June, with the annual reading

easing slightly to 1.4%. It

suggests inflation won't be an

impediment to rate cuts. The

jobs outcome is seen as critical to the critical to the future

direction of interest rates, if

the jobs market deteriorates

more than expected, interest

rates could be cut. If it

proves more resilient rates

could well go up. So far

corporate Australia is holding

on to its labour force, it

isn't shedding jobs like it

would in a recession, it's

keeping a floor under demand in

the economy. In the next six

months, if this trend continues

the economy will escape a

milder session, we may not

experience a technical

recession of any sort. It could

be a lag, we could see the job

losses come through as fiscal

stimulus wans, it could set

expectations back to recession

and rate cuts. Which why and rate cuts. Which why the

Reserve Bank is expected to

leave interest rates where they

are. The global financial crisis

will take top billing again at

the latest meeting of world

leaders, this time the G8

Summit in Italy, getting under

way this beak week, Britain,

Canada, France, Germany, Italy,

Japan and Russia to discuss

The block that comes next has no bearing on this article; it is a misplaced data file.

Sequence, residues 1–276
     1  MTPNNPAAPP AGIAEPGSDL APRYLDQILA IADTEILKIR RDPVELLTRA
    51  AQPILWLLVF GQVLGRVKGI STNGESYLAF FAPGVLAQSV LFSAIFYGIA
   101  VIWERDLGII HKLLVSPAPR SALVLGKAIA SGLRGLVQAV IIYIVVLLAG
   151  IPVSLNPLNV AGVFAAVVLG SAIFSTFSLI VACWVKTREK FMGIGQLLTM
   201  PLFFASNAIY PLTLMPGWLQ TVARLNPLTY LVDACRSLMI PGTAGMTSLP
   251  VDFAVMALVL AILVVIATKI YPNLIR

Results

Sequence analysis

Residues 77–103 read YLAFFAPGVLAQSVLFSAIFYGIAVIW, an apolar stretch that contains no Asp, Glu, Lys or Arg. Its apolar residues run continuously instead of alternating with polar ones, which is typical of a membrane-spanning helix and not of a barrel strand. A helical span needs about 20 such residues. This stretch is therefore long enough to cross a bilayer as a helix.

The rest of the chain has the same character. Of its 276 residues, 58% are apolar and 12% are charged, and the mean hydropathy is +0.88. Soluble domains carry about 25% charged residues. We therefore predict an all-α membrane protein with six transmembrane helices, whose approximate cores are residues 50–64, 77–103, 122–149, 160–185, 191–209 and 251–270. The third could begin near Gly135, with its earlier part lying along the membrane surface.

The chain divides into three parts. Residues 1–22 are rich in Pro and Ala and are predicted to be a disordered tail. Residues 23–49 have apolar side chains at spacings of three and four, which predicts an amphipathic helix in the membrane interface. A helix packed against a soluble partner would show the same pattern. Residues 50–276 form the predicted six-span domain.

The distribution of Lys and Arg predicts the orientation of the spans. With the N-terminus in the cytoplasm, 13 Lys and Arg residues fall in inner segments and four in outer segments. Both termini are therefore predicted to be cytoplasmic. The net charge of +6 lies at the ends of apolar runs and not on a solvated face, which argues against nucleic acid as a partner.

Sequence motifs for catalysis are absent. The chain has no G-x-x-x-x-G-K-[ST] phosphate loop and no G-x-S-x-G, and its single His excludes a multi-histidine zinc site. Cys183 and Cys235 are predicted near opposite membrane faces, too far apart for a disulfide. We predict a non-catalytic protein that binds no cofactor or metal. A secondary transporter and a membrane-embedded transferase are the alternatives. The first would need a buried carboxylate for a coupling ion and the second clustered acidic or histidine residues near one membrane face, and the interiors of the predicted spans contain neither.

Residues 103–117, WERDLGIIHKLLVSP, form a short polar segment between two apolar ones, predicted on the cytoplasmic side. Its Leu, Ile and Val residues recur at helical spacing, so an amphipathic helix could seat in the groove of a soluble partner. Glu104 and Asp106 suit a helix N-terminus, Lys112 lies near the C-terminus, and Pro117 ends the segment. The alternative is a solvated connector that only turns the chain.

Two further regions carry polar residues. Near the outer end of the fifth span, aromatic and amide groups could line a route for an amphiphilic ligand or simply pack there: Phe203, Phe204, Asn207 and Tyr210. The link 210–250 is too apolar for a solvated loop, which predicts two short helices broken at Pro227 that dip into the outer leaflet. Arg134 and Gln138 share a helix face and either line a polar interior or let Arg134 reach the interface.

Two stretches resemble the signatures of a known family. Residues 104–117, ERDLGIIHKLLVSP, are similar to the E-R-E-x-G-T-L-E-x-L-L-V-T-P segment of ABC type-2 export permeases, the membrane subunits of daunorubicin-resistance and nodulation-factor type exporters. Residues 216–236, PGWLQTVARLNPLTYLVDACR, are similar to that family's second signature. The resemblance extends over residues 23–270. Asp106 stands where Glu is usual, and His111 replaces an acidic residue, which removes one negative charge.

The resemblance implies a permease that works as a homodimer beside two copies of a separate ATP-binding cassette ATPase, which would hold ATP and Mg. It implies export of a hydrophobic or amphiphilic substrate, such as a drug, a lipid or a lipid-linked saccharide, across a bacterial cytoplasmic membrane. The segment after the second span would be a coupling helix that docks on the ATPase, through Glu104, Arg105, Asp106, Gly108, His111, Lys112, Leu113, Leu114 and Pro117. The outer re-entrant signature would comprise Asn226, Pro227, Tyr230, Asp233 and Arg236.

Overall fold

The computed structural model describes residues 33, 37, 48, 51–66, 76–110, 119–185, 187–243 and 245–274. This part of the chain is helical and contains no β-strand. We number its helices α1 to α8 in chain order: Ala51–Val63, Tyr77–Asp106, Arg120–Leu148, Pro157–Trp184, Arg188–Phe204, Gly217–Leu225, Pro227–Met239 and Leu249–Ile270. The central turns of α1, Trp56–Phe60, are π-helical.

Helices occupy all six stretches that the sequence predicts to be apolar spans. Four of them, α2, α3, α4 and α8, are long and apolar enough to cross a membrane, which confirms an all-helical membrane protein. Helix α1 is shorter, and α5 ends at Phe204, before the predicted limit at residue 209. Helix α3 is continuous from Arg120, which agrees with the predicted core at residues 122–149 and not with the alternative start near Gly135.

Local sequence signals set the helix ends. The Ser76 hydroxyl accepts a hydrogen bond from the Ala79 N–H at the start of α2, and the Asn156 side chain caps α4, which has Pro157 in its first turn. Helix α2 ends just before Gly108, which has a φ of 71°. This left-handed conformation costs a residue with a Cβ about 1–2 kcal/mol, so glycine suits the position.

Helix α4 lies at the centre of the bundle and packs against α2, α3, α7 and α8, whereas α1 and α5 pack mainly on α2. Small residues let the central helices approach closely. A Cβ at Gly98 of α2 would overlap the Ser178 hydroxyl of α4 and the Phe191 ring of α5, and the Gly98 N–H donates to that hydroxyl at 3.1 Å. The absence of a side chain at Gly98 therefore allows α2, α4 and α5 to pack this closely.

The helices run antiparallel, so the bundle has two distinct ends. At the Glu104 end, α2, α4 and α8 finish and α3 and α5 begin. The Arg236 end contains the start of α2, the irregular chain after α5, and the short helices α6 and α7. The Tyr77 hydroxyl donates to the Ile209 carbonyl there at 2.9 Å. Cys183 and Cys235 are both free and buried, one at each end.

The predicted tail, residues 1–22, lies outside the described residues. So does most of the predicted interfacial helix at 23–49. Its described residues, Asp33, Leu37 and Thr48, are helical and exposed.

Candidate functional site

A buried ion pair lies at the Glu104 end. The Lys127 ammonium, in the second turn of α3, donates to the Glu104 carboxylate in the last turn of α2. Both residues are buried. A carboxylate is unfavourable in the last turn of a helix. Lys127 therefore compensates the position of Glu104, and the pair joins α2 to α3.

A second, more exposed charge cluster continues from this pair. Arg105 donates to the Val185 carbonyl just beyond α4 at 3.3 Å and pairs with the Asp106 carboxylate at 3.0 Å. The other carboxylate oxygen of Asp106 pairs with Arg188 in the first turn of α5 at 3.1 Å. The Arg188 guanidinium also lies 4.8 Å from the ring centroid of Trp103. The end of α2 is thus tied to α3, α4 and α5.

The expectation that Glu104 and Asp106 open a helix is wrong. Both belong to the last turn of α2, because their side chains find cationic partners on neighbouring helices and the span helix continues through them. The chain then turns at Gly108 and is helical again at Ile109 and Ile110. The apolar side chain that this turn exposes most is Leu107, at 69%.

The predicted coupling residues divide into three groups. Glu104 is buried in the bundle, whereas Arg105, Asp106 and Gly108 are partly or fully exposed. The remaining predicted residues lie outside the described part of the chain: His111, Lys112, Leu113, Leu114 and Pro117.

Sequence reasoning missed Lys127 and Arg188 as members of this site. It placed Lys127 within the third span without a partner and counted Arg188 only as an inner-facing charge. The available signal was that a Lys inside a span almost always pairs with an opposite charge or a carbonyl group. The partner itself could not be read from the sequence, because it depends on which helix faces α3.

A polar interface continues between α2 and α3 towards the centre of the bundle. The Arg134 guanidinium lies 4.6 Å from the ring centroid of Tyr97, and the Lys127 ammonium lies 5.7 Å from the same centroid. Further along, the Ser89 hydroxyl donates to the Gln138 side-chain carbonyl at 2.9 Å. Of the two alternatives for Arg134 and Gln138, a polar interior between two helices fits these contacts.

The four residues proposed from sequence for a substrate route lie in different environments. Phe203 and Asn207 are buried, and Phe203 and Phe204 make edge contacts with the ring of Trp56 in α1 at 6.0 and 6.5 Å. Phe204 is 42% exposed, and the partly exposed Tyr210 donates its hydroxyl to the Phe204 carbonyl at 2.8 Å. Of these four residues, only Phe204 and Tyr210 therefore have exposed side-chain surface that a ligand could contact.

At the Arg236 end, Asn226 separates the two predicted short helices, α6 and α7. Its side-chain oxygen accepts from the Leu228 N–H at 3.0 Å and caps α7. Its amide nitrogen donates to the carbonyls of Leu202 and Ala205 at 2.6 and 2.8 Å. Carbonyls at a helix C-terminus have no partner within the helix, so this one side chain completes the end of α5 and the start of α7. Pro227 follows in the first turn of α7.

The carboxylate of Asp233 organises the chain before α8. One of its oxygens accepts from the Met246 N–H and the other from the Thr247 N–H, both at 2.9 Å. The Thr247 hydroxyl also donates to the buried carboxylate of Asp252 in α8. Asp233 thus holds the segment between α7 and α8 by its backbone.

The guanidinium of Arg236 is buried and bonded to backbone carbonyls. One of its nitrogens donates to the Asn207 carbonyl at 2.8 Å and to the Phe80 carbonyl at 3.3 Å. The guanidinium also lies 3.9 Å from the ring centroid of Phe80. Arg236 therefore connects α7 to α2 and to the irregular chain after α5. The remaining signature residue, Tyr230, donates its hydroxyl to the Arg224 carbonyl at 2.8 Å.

Government responses to the

crisis, and debate whether it's

time to start winding back

official spending, official spending, Australia's

Prime Minister Kevin Rudd will attend the attend the 17-nation Major

Economies Forum, which is held

on the sidelines of this week's

summit, but with none of the emerging market economies

represented at the G8 and the

focus shifting to the G-20 the

relevance of the G8 is

questioned. To discuss the

coming meeting I'm joined from

London by Jan Randolph head London by Jan Randolph head of

Insight. Welcome to the Sovereign Risk, of IHS Global

program. Thank you for having

me. Last time we spoke on the

program was to preview the

first summit of the BRIC

nations, Brazil, Russia, India

and China, only Russia, of the

emerging economies had a seat

at the G8, it prompted many to

ask relevance of G8 in 2009.

Have they, in a way, had its

day, the G8? It's a good

question. I think G8 is a

longer established club, if you

like, with regular meetings

going back many years. The G-20

was a landmark, it seemed to

have the greater relevance,

bringing in emerging powers,

China, India, Russia, Brazil,

countries that contributed a

lot to global growth and trade

and are the future for global

growth, a growth driver. G-20

seems more relevant institution

to tackle the global issues on the agenda, whether it's

climate change, it's a

synchronised recession, truly

global one, these global issues

should be on a wider for U. It

seems relevant. How much does

it help the fact that there's a

major economies forum on the

sidelines of the G8, while it's

only 8 country in the G8 many

others take part in sideline

conversations. Yes, I think if

you put the two together then

you have the relevance. G8 -

the rich country club - can

talk to each other about

current policies, coordination

is important. Everyone

recognises only coordinated

policy will create the

necessary coverage, if you

like, everyone working in the

same direction, they'll be

comparing notes, there are

issues to do with the emerging

markets. They have a lot to contribute, and they are